Regional Reviews: Chicago
The Golden Girls: The Lost Episodes
The Lost Episodes stage series began in 2017, and the four girls are fierce (this time) in trying to prevent the closure of the Shady Pines Rest Home. As you will undoubtedly recall, Dorothy's mother, elderly Sophia Petrillo, escaped the home at the beginning of the Susan Harris-produced NBC TV series, which premiered in 1985. In a tale of surprisingly authentic smiles and tears, we are told in The Lost Episodes that Sophia was exaggerating just a little about the poor quality of this particular rest home.
The living room and kitchen in this The Golden Girls: The Lost Episodes are lovingly recreated by Christopher Rhoton, inside the Hoover-Leppen Theatre. And the overall impact is delightful, thanks to the utter seriousness taken by all concerned in approaching this sure-fire comedy, smack-dab in the middle of modern American commedia dell'arte. The script by David Cerda is wonderfully in line with the canon. It's funny and sweet, and plenty naughty enough, even for the like of you.
In a strangely endearing and metaphorical way, it's a comfy old 1980s sofa to rest on and snuggle into for 90 short minutes, when you should be off in school. Lost Episodes playwright David Cerda is dour and gimlet-eyed as Dorothy (the character originated by Bea Arthur), Ryan Oates is relentlessly troublesome as Sophia (Estelle Getty), and Grant Drager is saucy and insinuating as Blanche (Rue McLanahan). All of them meet or often exceed expectations. But special mention must be made of Ed Jones, who is beautifully nuanced in his portrayal of Rose (Betty White). A Rose is a Rose is a Rose, in this production. St. Olaf stories included.
The supporting cast is in it to win it, as well. The girls go to Shady Pines, and are nearly sucked in as new patients themselves when greeted by Nurse Ursula (Terry McCarthy) and volunteer Esther (Michael Rashid). The home's residents on stage are flawless: Clara (Lori Lee, who actually plays multiple roles) and–at this performance–Robert-Eric West, as Nancy. Miss Lee is genuinely touching as a dementia patient, and Mr. West is highly credible in this performance (till this weekend he was merely on standby as an understudy for Danne W. Taylor, in addition to serving as costumer in this dragalicious extravaganza). Eighteen stars, Mr. West.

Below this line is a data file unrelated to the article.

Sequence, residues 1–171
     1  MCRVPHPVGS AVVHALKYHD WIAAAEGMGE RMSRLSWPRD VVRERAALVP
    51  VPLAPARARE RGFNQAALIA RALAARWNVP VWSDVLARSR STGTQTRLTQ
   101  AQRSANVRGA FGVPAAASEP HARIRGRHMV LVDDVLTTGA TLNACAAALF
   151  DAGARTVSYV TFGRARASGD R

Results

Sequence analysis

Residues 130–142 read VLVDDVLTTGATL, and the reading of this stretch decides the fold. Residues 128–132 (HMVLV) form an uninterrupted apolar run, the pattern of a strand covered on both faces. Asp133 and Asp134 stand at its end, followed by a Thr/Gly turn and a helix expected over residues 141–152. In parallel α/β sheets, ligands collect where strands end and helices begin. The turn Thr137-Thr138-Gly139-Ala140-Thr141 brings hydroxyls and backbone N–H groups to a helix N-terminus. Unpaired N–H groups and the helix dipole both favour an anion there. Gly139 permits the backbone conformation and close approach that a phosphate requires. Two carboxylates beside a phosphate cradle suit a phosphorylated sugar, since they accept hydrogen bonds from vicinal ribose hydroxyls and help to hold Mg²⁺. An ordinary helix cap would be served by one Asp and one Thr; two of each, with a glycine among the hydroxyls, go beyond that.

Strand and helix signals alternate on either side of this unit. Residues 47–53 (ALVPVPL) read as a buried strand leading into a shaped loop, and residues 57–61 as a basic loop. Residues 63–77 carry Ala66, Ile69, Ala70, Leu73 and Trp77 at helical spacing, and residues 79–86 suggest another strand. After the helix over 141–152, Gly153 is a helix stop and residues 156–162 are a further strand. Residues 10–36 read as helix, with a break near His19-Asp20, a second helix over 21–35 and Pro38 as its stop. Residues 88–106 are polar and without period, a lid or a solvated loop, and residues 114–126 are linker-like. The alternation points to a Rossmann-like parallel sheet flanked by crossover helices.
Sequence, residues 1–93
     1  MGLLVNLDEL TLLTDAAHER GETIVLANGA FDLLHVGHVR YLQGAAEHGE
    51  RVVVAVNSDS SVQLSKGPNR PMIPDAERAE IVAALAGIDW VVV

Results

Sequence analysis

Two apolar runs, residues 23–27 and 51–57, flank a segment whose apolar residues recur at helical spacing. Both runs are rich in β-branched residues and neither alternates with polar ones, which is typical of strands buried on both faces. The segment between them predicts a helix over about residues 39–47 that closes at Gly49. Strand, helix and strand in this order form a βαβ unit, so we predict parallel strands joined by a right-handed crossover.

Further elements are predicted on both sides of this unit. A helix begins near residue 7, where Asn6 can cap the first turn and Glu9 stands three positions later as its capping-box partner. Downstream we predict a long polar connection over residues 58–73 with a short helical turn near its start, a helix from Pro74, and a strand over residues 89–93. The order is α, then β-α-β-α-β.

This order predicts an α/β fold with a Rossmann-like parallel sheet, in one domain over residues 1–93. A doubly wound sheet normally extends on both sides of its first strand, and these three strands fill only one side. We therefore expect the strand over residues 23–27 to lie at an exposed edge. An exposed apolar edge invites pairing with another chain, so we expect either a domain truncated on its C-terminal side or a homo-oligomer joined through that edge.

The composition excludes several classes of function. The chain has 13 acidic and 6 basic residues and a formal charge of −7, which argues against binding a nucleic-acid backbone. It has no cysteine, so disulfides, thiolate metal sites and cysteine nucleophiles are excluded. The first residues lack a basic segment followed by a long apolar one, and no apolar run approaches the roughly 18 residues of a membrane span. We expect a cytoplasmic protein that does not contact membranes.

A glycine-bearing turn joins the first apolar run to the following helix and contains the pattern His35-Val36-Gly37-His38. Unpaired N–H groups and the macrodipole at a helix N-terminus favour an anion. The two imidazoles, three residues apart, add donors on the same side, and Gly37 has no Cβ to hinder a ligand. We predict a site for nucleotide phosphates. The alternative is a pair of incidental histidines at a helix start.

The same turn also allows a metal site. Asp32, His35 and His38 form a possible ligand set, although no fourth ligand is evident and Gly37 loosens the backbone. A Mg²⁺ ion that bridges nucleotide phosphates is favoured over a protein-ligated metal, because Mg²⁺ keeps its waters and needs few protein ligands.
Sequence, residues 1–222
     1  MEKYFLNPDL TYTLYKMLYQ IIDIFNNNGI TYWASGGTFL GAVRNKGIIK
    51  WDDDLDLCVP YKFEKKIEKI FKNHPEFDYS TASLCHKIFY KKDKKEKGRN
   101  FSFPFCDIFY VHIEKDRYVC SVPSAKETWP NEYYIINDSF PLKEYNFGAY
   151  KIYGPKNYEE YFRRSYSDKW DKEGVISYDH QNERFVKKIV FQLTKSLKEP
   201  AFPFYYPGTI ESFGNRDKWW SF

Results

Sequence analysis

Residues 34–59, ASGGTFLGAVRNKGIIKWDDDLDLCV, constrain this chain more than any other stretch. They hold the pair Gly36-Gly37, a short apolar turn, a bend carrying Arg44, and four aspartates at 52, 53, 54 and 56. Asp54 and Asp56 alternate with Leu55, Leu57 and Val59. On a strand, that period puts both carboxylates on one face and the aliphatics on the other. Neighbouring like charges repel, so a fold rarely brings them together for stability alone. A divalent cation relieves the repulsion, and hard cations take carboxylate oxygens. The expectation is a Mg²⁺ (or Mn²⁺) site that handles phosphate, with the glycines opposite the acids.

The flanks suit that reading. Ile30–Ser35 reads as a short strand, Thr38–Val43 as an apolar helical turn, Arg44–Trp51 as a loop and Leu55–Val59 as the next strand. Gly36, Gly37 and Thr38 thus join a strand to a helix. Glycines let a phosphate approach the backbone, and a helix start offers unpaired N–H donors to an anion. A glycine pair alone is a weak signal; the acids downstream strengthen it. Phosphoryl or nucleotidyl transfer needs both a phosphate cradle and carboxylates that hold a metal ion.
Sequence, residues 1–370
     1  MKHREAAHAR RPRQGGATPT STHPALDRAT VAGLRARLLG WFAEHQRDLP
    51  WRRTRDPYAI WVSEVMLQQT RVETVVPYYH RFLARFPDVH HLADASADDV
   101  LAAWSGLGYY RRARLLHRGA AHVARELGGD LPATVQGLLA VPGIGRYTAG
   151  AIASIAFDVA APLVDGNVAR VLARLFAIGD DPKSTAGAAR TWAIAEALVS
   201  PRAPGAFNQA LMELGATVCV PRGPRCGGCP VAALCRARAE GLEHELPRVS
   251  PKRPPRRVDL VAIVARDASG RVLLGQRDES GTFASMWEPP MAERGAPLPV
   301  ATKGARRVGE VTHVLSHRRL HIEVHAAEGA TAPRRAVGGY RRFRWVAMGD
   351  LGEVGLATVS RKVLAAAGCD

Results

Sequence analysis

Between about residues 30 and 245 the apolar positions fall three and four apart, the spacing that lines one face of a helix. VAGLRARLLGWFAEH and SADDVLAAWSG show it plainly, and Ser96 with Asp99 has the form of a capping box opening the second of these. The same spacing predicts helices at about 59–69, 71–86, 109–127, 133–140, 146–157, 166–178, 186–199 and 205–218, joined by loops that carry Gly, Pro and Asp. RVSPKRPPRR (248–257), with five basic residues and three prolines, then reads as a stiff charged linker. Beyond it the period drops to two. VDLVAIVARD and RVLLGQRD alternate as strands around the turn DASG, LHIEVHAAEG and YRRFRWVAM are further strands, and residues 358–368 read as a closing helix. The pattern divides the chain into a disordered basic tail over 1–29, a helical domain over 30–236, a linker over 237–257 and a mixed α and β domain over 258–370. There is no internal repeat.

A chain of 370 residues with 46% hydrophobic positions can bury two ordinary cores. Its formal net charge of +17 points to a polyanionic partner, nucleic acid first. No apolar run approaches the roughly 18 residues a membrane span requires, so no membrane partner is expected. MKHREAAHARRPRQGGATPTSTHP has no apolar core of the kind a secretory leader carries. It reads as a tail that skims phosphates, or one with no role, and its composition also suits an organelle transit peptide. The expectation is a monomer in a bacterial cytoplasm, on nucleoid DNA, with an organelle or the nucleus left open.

But wait, there's more: a mysterious visitor keeps reappearing, played with gentle insistence and admonitions, and 100% stage presence, by Coco Sho-Nell; and Jamie Smith is wonderfully naive as Bob Hope. Rich-voiced Michael S. Miller is as gregarious as any Florida politician as Councilman Hardin, who must be inveigled into the girls' plan to save the rest home in Miami.
It's funny to think that a part of our emotional lives consists of the joyful memory of these pre-existing fictional characters, that they should merit another look. But if you liked the original TV show, you'd be hard-pressed to find a better way to rekindle your softer, sentimental side than with this affecting tribute.
The Golden Girls: The Lost Episodes continues through December 30, 2022, at the Center on Halsted, 3656 North Halsted (about a block north of West Addison Street), Chicago IL. For information and tickets, visit www.handbagproductions.org.
* Denotes Hell in a Handbag Ensemble Member